How old the magic lantern is, no one knows! The Egyptians had something corresponding to it, although the illuminant was sunlight introduced into the darkness of the temples for projection purposes through small circular diaphragms, perhaps fitted with lenses. Roger Bacon is credited with the magic lantern amongst his other ingenious inventions. At any rate, for exhibition purposes the projection lantern is at least two hundred and fifty years old.
Just at present the lantern slide is threatened with two serious rivals. Public entertainers are now expected to use the more agile and exciting cinematograph film. In the smaller lecture-hall the mirroscope will show on the screen, with good illumination and definition, images from ordinary prints and postcards, thus obviating the necessity of making any transparency. But those who take the trouble to make lantern slides of their work, will be well repaid by the greater clearness, brilliancy, and delicate light effects which they are certain to render from good negatives.
Unless only a very small portion of a plate is required, the additional work involved in making slides by reduction is very slight, and is likely to give the best and most artistic results. Special cameras are made for the purpose; but they are usually mere fixed-focus boxes, made to reduce a particular size of plate to lantern size. The negative may be put in a frame against the window and photographed through the camera on to the lantern plate. But the apparatus which we employ ourselves is so easily constructed, and will adapt itself so well to give exact reduction of different-sized plates, that most readers will probably prefer a method of the kind.
Take a long, planed deal board about 1 in. thick and of the same width as the camera. Screw a bevel on each side, so that the camera may slide evenly up and down the plank as required for focussing. The length of the board will depend on the focal length of the lens. For the ordinary 5 to 6 in. lens 3 ft. will be ample. At the opposite end to the camera an upright square of wood is fixed as an easel, in which there is an aperture cut, of centre corresponding to height of lens, and of size to take the largest negative that will be required to be reduced, say half-plate, with carriers for 5 x 4 and quarter-plate negatives.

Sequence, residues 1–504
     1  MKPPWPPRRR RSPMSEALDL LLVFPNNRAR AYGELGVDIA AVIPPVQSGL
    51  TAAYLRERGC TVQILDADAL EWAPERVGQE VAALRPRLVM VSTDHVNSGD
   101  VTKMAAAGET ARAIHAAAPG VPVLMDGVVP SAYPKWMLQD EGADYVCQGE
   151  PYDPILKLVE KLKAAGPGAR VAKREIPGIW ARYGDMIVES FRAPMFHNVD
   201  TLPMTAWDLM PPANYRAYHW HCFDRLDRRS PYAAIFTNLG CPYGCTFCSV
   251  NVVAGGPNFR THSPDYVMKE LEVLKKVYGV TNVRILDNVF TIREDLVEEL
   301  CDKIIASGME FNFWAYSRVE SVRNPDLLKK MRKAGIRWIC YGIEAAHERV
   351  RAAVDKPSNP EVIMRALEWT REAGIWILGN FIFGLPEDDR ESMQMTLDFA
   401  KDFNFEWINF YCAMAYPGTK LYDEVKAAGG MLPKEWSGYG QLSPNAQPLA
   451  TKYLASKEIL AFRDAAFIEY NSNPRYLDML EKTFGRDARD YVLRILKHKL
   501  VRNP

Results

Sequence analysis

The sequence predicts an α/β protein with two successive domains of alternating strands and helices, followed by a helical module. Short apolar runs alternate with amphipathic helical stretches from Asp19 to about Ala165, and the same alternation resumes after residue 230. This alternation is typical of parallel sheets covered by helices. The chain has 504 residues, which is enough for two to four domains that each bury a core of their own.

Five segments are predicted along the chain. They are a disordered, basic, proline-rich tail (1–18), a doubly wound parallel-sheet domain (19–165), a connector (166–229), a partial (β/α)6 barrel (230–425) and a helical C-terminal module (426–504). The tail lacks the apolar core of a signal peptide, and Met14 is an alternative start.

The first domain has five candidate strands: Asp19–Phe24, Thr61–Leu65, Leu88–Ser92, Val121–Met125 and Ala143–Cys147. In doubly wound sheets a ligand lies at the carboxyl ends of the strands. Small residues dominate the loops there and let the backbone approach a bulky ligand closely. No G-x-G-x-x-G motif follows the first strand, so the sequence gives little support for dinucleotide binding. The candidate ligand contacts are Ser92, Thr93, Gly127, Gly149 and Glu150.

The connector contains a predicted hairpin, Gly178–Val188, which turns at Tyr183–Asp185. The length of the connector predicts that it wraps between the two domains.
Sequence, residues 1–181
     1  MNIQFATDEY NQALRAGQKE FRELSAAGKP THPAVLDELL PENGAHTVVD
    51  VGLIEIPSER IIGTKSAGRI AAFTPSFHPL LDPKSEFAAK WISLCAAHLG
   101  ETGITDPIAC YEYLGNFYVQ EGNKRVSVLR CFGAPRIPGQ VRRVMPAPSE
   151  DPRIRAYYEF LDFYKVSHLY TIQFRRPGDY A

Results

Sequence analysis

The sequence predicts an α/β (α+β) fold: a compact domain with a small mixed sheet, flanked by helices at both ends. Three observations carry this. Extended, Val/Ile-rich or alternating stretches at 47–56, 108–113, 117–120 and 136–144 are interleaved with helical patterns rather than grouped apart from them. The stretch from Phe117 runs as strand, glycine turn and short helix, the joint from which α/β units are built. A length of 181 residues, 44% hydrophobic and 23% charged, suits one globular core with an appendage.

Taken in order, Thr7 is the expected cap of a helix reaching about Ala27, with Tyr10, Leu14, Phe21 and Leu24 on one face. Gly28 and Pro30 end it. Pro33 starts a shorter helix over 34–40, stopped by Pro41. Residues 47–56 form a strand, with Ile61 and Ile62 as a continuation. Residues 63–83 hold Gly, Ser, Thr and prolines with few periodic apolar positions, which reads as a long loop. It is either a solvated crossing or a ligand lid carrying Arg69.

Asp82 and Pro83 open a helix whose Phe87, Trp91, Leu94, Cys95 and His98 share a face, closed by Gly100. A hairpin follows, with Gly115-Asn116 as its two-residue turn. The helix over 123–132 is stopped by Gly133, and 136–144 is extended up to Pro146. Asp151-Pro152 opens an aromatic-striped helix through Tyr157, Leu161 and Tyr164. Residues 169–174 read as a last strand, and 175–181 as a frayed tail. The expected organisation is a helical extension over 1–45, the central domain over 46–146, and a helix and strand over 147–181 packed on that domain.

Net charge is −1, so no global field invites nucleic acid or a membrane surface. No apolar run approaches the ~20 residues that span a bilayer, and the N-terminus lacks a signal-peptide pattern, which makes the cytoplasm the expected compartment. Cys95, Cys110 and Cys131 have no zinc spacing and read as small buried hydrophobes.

On the focussing screen of the camera draw in pencil, exactly corresponding with the lantern-plate carrier which will go in the dark slide, a square 3 1/4 x 3 1/4 in. Place the negative in position on the easel, upside down, with film facing the camera, and focus. Allowance must be made for the black mask and border; so that the actual size of image should not exceed 2§ in. A small stop is advisable for exposure, in order to secure great sharpness. Remember that your little pictures, less than 3 in. in size, may have to appear on the screen enlarged up to twenty feet.
When using daylight for the exposure, care must be taken that features in the landscape do not intrude their shadow and cause uneven illumination. We always incline the board at an angle towards the sky. Choose a north light for preference; at all events avoid the neighbourhood of strong sunlight.
If daylight is not available, magnesium wire, or any artificial light behind a condenser, may be tried. We know of many workers who make their lantern slides in the ordinary gaslight enlarger. Traces of uneven illumination will possibly make themselves apparent unless the slide is much over-exposed or under-developed. Ground glass between the light and the condenser ought to remove this difficulty.
The lantern plates for reduction purposes are coated with an emulsion similar to that on bromide papers; for contact slides, gaslight plates (coated with the same emulsion as gaslight papers) are most satisfactory. Each may be developed in just the same way as the corresponding papers; and the gaslight slides will give a variety of tints according to the time of exposure and strength of developer.
Pyro, metol-quinol, glycin, amidol, or rodinal are all most suitable for lantern plates, but with the first of these care must be taken not to over-develop. The plate may generally remain until the shadows are visible on the glass side; the exact density will be learnt by practice. Beginners usually make their slides too thin, when they must be intensified by the bichromate method, which will also tone them a rich brown colour. If they are too dense, reduce them in the following:
Iron Perchloride.......15 gr.
Citric Acid........20 „
The best test of the density of a lantern slide after fixing is to hold it about a foot from the wall of an ordinary room fairly lighted. The pattern of the wall paper ought to be discernible through the darkest shadows. The high lights must not be veiled, and yet very little of the plate ought to be clear glass.